Dowels, Bevels and Curves

As I prepared the surfaces of the mirror frame and inner cabinet sides for assembly, I also bored several holes for dowel pins. This will help to keep the parts aligned during glue-up. I used the same technique at the bottom of the mirror frame and the shelf (or cabinet bottom).


Using custom doweling jigs is a fairly quick way to get accurate positioning of the parts. This is important, because when it comes time to fit the drawers into the drawer pockets, the cabinet sides must be positioned just as intended or the drawer fitting will become very difficult, if not impossible. The drill press is great for boring holes into the sides of parts, but I go to the horizontal boring machine for boring holes into the end grain.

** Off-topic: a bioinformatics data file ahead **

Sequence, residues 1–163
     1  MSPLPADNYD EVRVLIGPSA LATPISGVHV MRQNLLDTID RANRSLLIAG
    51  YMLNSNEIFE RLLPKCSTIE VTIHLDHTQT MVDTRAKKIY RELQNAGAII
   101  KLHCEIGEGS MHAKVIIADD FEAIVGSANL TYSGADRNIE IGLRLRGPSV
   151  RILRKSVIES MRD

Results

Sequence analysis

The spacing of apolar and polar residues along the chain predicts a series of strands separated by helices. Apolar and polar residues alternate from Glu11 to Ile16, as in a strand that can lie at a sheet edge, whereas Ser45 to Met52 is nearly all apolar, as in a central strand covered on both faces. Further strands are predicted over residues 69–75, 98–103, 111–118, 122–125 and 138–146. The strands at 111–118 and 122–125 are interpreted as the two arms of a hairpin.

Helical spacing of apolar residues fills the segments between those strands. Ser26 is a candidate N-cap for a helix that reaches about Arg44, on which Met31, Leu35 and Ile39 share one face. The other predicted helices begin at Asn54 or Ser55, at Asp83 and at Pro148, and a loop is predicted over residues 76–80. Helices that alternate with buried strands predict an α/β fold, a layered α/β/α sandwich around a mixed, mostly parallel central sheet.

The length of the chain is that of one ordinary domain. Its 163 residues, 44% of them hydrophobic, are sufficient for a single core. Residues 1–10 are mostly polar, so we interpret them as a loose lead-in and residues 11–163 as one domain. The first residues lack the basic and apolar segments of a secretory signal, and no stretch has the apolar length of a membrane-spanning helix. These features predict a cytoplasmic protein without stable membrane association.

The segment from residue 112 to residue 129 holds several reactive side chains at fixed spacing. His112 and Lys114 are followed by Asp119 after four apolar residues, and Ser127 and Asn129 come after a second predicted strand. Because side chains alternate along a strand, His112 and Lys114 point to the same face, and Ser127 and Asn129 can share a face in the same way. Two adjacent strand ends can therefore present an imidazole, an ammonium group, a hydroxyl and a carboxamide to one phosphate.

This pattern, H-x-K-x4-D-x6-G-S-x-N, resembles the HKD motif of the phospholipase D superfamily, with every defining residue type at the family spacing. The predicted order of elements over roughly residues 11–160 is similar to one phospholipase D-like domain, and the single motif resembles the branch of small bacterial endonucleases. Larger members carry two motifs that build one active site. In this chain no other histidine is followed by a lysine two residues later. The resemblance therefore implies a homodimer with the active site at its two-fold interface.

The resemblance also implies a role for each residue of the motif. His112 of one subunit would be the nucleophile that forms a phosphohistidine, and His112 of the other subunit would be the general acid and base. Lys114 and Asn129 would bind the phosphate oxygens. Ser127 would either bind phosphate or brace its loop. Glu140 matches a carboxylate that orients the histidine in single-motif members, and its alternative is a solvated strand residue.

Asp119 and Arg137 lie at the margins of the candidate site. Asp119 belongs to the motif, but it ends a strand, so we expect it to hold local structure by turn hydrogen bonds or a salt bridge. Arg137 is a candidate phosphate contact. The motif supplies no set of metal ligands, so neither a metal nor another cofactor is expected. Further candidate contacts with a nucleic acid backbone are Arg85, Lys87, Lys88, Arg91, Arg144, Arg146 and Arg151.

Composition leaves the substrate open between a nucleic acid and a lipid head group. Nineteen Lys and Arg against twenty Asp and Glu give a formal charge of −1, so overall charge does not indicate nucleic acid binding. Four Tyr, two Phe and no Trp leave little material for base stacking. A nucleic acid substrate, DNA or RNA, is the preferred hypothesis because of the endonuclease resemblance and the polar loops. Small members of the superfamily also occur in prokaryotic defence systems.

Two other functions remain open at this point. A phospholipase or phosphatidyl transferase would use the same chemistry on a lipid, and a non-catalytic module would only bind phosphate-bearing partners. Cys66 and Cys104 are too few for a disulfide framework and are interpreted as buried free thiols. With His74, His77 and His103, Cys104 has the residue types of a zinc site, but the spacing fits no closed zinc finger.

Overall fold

After getting all the dowel pin holes bored and rabbets cut for the back panels, I moved on to edge jointing of the bevels. Bevels on the front edges of the cabinet sides are first cut on the band saw and then smoothed and straightened with the jointer hand plane. These three images show a progression as the marks from the band saw are gradually removed by several passes of the wooden jointer.


Below, in the left image, is the set-up I used for jointing the front edges of the cabinet sides. On the right you can see I went to the block plane to smooth the beveled curve of the cabinet tops and bottom. When it comes to that final fit and finish, you can't beat the pristine sheared surfaces that are possible only with finely honed hand tools like these.